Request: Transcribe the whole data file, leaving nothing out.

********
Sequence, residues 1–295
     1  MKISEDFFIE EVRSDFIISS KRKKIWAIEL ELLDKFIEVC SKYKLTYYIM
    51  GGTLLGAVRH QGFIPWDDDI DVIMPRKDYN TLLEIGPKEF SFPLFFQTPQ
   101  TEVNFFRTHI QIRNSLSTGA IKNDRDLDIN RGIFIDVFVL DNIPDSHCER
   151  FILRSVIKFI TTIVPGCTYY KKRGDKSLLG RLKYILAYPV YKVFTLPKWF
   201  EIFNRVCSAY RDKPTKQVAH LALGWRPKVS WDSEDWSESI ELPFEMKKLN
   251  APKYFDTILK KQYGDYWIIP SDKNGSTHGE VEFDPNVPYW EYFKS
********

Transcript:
Sequence, residues 1–295
     1  MKISEDFFIE EVRSDFIISS KRKKIWAIEL ELLDKFIEVC SKYKLTYYIM
    51  GGTLLGAVRH QGFIPWDDDI DVIMPRKDYN TLLEIGPKEF SFPLFFQTPQ
   101  TEVNFFRTHI QIRNSLSTGA IKNDRDLDIN RGIFIDVFVL DNIPDSHCER
   151  FILRSVIKFI TTIVPGCTYY KKRGDKSLLG RLKYILAYPV YKVFTLPKWF
   201  EIFNRVCSAY RDKPTKQVAH LALGWRPKVS WDSEDWSESI ELPFEMKKLN
   251  APKYFDTILK KQYGDYWIIP SDKNGSTHGE VEFDPNVPYW EYFKS